Ketchup Is A Health Food?
If, while attending a banquet, you want to cause those around you to gasp in horror, and also give the waiter a heart attack, ask for ketchup.
Poor ketchup. Disdained by fancy folks around the world, ketchup never gets any respect. But it should.
Ketchup's made from tomatoes, and tomatoes contain lycopene, a substance whose mission is to wipe out the bad guys that rust out your body parts.
When tomatoes are cooked and pureed, as in ketchup, the lycopene is easier for your body to absorb. It's like sending in a Navy Seal instead of a Boy Scout--both good, but with different levels of power.
Ketchup contains lycopene
Tomato paste and puree also ramp up lycopene's power, but I prefer to talk about ketchup, mainly because it's so frowned upon in polite society. Plus, since not everybody knows what tomato paste or puree are, I might cause eyes to glaze over. But even little kids know about ketchup. Yum!
So, let's talk ketchup. Specifically, organic ketchup. One study found organic ketchup contains three times as much lycopene as non-organic brands.
What does lycopene do?
1. It protects against many cancers-breast, uterine, lung, pancreas, bladder, prostate and intestinal cancers. And if you already have cancer, lycopene slows down the speed at which it spreads.
2. It reduces the risk of heart attacks, improves heart performance in people who already have heart disease and lowers the risk of stroke.
3. It helps deal with asthma by decreasing inflammation that blocks air intake.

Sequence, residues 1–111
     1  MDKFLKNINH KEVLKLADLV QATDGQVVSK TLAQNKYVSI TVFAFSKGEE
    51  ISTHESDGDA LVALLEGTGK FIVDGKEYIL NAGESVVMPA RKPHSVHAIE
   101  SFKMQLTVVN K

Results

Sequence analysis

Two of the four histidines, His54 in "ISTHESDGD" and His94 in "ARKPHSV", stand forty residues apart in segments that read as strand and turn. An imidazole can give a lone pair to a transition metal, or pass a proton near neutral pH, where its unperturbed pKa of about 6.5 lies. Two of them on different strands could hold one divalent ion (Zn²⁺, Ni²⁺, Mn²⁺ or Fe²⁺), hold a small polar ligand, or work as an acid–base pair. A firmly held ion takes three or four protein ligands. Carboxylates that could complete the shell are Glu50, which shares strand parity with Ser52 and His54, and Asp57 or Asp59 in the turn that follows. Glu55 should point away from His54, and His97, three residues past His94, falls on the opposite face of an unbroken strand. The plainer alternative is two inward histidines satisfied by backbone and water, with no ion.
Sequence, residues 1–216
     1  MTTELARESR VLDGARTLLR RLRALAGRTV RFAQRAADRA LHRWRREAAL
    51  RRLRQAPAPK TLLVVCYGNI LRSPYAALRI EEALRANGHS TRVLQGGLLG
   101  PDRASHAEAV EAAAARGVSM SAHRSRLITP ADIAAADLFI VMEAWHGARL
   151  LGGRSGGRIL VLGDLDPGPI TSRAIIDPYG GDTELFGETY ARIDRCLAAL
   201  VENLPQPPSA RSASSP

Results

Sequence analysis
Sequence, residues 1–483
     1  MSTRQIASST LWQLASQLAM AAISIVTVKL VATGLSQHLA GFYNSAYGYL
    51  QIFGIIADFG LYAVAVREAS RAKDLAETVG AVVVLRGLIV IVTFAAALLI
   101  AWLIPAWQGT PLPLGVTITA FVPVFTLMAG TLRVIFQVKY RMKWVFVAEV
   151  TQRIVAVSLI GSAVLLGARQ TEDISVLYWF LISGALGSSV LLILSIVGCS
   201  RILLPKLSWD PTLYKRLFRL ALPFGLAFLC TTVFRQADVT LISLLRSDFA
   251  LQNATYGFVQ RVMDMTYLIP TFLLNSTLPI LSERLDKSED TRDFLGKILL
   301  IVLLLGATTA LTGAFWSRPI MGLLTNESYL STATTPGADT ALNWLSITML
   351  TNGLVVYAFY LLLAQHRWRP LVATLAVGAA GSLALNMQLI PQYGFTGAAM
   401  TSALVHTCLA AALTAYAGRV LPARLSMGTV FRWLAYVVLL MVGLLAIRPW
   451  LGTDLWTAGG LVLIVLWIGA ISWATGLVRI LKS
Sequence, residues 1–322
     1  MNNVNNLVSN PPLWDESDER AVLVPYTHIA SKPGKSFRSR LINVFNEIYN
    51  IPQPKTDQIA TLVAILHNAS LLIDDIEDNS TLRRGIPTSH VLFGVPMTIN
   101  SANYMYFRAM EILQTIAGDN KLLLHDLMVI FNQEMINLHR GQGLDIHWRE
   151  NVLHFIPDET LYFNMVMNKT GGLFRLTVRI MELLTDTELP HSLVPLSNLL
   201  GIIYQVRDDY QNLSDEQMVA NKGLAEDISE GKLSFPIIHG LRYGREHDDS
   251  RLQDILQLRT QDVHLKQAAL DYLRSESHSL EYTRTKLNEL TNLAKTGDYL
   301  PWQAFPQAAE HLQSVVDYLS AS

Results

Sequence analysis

4. It keeps your skin smooth, and prevents sagging, by boosting collagen levels. And lycopene in your diet protects your skin from sunburn (a little) and lowers your risk of skin cancer (noticeably).
5. It can help reverse endometriosis and fibroids.
6. It boosts the immune system's ability to fight disease.
7. Etc. From the evidence I've found, it appears that lycopene works its wonders at a very basic level of health, a level which affects everything. This is exciting stuff.
But lycopene isn't even close to being a magic bullet. Putting ketchup on processed food will improve the taste, but it won't make a health difference. Processed food swamps your body with so much bad news that lycopene doesn't stand a chance.
On the downside, too much lycopene can turn your skin a sort of yellow/red. Cutting back returns your skin to its normal glow, and you'll be good to go.
How much ketchup gets the job done? Well, a teaspoon of ketchup is said to be the equivalent of a serving of vegetables. One study said two tablespoons of organic ketchup a day keeps lycopene power up where it should be.
And lycopene's power jumps even more when joined by olive oil. Hubba, hubba!
Find (or create) a recipe involving tomato paste, puree or ketchup, perhaps add a little olive oil, and make your health better and your stomach happy.
Healthy eating sure can be delicious.
Until next time then.
God is good,
Copyright 2014 by Bette Dowdell. All rights reserved
P.S. Bette Dowdell is not a doctor, nor does she purport to be She's a patient who's been studying and successfully handling her own endocrine problems for more than 30 years. She offers introductory teleseminars and an in-depth 12-month subscription program, "Moving to Health" about living well with endocrine issues. She explains how things work-or don't, discusses what things to avoid as well as the things that help, and she provides a lot of well-researched nutritional information. Subscribe to her free e-zine at Information is power.